[Marxism] DSA member Ocasio-Cortez elected (Jason)

Louis Proyect lnp3 at panix.com
Sun Jul 1 16:57:12 MDT 2018


On 7/1/18 6:23 PM, Jason wrote:
> 
> Second, that's hardly my sole argument, given I gave other references to 
> revolutionaries in the Second International supporting voting for 
> liberal bourgeois parties. One can also see this in Shorske’s history 
> and I can provide other references if needed.

Look, your reference was to a Dutch party that, like Lenin's, was 
divided over supporting bourgeois candidates. You simply found the Dutch 
equivalent of the Mensheviks who backed the Dutch equivalent of the 
Cadets. Didn't you understand that I would track down the reference? You 
are trying to invalidate my claim that voting for liberals is a revision 
of Marxism by referring to an author who describes exactly that strategy 
as revisionist? Ridiculous.

---

http://www.left-dis.nl/uk/dutchleft.pdf

Although it was completely isolated, the Marxist minority [in other 
words, the Dutch equivalent of the Bolsheviks] didn’t capitulate and 
resolutely carried on fighting. From 1905 to 1907, the Marxist current 
found itself confronted with a vigorous counter-offensive by the 
revisionists. The parliamentary fraction, which was the real leadership 
of the party, went further and further in collaborating with the 
bourgeoisie. In 1905, during the elections for the provincial states, 
the revisionists raised the question of supporting the liberals against 
the Anti-Revolutionaire Partij (‘Anti-Revolutionary Party’ – ARP) 
government of Abraham Kuyper, which had broken the transport strike. The 
left, like the left in other parties, did not refuse, during the course 
of the elections, to support liberal candidates who took a stand in 
favour of universal suffrage against property-based electoral rights. It 
had adopted a resolution in this sense during the 1905 Hague Congress: 
“[the Party] declares that during the elections it will only support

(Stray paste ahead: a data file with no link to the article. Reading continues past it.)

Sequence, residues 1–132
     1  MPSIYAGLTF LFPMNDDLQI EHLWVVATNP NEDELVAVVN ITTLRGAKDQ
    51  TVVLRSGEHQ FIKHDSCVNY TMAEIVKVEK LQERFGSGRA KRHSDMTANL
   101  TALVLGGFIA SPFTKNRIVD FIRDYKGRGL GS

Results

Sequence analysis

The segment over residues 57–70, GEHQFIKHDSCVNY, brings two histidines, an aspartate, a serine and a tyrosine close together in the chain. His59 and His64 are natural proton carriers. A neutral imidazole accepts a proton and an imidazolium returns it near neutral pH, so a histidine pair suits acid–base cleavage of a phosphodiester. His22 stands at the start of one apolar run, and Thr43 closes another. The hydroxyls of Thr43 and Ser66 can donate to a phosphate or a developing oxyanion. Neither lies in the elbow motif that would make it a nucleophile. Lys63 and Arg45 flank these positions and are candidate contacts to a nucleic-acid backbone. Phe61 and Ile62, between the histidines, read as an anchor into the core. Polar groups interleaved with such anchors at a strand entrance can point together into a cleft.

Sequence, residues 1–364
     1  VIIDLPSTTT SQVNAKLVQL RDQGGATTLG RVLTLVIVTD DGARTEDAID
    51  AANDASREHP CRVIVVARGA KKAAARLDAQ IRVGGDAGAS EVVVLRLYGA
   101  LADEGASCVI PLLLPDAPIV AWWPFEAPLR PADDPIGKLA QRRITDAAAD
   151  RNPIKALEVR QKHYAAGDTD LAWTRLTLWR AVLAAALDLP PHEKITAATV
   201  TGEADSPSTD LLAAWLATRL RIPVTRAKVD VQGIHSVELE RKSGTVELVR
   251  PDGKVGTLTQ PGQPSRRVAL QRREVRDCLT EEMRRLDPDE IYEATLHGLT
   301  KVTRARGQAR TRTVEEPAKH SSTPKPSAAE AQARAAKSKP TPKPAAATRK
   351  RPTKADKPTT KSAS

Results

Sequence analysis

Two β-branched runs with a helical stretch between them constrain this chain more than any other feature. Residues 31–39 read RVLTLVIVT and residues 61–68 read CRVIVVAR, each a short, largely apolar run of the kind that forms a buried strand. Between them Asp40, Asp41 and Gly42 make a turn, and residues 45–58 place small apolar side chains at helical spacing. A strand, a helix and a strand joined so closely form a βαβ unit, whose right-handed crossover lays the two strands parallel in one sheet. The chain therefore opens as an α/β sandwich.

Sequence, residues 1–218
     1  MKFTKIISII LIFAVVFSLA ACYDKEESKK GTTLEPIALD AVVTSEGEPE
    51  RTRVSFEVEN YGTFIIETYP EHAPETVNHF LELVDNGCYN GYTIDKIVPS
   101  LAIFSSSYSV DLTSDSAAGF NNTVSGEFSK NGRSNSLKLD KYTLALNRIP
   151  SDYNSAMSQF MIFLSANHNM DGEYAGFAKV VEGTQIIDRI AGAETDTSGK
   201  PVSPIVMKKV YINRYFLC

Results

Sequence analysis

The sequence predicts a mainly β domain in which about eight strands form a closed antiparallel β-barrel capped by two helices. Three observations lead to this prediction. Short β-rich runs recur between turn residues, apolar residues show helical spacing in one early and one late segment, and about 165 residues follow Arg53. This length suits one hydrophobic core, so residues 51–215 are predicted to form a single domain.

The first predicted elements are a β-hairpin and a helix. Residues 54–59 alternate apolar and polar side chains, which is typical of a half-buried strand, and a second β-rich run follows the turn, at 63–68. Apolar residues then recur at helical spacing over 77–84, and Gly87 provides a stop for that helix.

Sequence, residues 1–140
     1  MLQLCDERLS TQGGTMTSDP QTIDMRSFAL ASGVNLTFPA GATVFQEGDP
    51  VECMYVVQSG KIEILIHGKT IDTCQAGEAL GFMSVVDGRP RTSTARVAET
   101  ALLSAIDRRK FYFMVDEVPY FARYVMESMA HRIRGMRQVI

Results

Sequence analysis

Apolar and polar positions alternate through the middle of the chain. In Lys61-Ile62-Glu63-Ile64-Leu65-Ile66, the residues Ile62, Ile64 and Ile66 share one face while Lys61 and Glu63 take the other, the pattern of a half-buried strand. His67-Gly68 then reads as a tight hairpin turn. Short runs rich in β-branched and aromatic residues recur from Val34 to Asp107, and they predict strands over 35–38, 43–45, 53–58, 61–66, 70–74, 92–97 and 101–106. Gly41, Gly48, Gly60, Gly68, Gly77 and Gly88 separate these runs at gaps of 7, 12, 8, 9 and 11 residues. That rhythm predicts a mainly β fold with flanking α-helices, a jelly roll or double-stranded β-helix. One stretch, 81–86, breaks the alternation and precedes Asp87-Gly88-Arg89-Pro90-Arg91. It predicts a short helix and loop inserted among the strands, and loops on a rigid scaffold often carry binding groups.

candidates who stand for the urgent introduction of universal suffrage”.

But for the Marxists, there could be no question of turning this 
tactical and temporary support into a principle. Contrary to what 
Troelstra wished, it was not at all a matter of calling workers to vote 
for “liberals of any stripe”, even if they were anti-clerical. From a 
class standpoint, the fight was not against a particular capitalist 
party but against capitalism as a totality. In order to avoid being 
mixed up with the petty bourgeois and small peasant elements, the 
workers had to be clear about their real identity. As Pannekoek, Gorter 
and Van Ravesteyn wrote it, in a booklet – ‘The Founding of the SDP’ – 
distributed to the German social democrat press to explain the scission 
of 1909: “On every occasion the party must show the workers that their 
enemies sit on the left side of parliament just as much as on the right...”.

But instead of respecting the resolutions of the Congress, the party 
leadership, the parliamentary fraction and the socialist daily Het Volk 
left socialist electors free to vote for any liberal candidate they 
liked. Although firm on positions which had been classical ones within 
the workers’ movement, the Marxists found themselves isolated from the 
working masses. Troelstra played on this as much as he could. There 
were, however, reactions within the party.



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